Thursday, September 18, 2008

When PR Pros need to outsource creative

In the most recent PR Week Career Guide, I came across the section “Employer Zone” a sponsored resource guide in which PR firms can pay for a full page ad followed by a company profile. The company profiles were a good read, and I found the section on company benefits particularly enjoyable. Apparently GolinHarris offers pet care discounts to its employees while Cone PR has an on-site fitness room and Fleishman-Hillard offers domestic-partner benefits. Good stuff.

But the real problem with the guide is not the written profiles but the accompanying ads. Good Lord! Why can’t PR agencies spend some mullah and hire an ad agency to develop their brand ads? Now, this is just my opinion, but I have a pretty keen eye for advertising having worked alongside some great ad agencies in Canada. So here goes my two cents with some of my favourites and not so favourites:

GolinHarris: This one is hilarious. My daughter’s Grade One yearbook had better art direction. The tag line: Real People. Real Stories. The ad shows various digital photos of GH’s events and parties. It’s cute and they probably saved a ton of money using low-res digital shots from someone’s camera. Just a little too saccharine for me. Save it for the internal company newsletter.

Cone PR: Tag line: Find your potential. Then a series of pictures of rubber bands, a plane, a pair of glasses, a mask and a charm bracelet. I don’t get it! I don’t get it! This one is really bugging me!

Ketchum: The copy basically looks like a ransom note. A variety of type face colours and sizes, oddly laid out. The photo is from Bizarroland, too. A woman holding a red umbrella who looks like she is about to take flight. Looks like the front cover of the book The Nanny Diaries. What is she doing with that umbrella? It’s not even raining in the picture. Bloody hell ...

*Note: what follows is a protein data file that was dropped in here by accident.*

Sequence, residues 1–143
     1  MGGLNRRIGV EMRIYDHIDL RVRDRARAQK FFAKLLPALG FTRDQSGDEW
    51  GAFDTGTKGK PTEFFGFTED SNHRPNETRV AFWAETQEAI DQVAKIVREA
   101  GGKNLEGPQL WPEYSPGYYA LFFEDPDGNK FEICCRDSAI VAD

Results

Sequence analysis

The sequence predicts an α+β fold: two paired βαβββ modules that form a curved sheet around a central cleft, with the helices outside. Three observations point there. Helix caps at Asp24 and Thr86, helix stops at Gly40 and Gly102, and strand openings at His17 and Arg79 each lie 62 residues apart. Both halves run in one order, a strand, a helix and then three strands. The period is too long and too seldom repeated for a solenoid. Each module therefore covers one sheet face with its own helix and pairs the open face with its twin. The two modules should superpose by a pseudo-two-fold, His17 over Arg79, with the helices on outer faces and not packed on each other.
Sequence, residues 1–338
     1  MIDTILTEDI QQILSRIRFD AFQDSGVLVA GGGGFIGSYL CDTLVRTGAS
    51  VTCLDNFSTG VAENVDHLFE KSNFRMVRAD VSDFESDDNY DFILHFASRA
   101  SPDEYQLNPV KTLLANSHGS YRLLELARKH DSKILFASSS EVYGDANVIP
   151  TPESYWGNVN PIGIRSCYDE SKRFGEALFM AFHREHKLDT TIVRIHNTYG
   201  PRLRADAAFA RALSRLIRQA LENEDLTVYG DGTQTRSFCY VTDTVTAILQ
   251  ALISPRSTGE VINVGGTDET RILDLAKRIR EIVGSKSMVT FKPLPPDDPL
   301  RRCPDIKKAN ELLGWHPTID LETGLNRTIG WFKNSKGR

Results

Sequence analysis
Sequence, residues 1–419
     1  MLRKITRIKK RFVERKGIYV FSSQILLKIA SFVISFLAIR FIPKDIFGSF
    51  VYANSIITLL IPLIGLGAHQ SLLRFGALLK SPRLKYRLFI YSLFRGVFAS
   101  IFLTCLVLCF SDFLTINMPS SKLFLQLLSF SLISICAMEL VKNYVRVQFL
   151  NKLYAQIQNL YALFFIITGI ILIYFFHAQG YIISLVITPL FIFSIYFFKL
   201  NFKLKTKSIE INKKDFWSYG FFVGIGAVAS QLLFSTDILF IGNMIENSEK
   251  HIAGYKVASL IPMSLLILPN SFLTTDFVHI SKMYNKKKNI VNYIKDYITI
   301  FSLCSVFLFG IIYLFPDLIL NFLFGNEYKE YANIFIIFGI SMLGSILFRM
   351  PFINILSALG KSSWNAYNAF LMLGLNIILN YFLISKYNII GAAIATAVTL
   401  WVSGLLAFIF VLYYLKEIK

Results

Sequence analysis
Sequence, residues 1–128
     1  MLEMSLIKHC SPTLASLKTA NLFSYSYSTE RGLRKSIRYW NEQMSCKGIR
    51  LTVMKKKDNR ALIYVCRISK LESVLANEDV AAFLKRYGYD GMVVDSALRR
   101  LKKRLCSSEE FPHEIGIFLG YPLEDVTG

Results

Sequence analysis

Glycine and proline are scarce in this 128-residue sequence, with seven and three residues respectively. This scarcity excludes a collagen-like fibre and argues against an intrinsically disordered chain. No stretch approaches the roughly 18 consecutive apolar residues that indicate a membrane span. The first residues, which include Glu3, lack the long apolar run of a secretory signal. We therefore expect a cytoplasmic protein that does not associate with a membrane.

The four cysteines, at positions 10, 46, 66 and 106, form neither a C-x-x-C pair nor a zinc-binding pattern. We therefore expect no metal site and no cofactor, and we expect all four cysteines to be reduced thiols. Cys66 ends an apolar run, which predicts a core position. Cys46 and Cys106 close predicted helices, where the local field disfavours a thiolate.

Manning Selvage & Lee: This ad simply makes me want to scratch my head on go, “Hmmmmm? “ The tag line: To change the way others see you, change the way you see yourself. Change minds. Kinda catchy, eh? The ad has a shot of a woman, wait no, it’s a man … no it’s a woman … nope, (is it Pat?) wait a second those shoes are definitely male. I couldn’t tell the gender from the photo because it’s all blurred. And the guy is wearing a white suit!

Porter Novelli: Tag line: Look beyond the obvious. Too bad the creative is so blatantly obvious. A guy peeling an apple only to reveal an orange underneath the peel. Ooooooh, must have taken these guys 10 minutes and a bottle of Cutty Sark to come up with that creative.

Cohn & Wolfe: This has to be that ad that was developed by an account coordinator while she was taking the train into their Manhattan offices. The ad simply reads “Cohn & Wolfe” (I think it's their new logo) with their URL listed on the bottom. Deep. But hey, they were too busy merging with GCI to think about creating an ad. Give them a break.

Weber Shandwick: Finalmente! Very interesting creative and compelling ad copy. It's taken from Weber's web-site so I like the consistency of messaging. An über-cool Asian girl standing on a crate and wearing the latest in street attire, complete with ipod earbuds. Tag line: The Advocate. Love it. It speaks to their future employees and dares to be different. Thank goodness for courage over there.

Equally good …

Ogilvy PR Worldwide: Amazing ad copy, it says everthing: Smart people create new rules. Ya ... Brilliant. Big, bold, simple, typeface, nice use of space. Beautifully laid out. They clearly know their audience.


Oh, wait a second. Isn’t Ogilvy one of the world’s best ad shops too? It figures.

1 comment:

JayD said...

Wow, those first few were beyond banal. If clichés were against the law, the people that came up with those would be serving life sentences right now.